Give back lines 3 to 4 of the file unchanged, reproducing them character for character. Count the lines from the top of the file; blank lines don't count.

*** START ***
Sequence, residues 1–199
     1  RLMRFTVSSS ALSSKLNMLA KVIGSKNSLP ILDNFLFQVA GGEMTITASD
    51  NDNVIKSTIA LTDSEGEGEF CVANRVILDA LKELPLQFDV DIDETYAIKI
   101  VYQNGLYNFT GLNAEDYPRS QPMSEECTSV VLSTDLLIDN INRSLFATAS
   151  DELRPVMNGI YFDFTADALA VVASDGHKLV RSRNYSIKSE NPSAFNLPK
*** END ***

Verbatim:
    51  NDNVIKSTIA LTDSEGEGEF CVANRVILDA LKELPLQFDV DIDETYAIKI
   101  VYQNGLYNFT GLNAEDYPRS QPMSEECTSV VLSTDLLIDN INRSLFATAS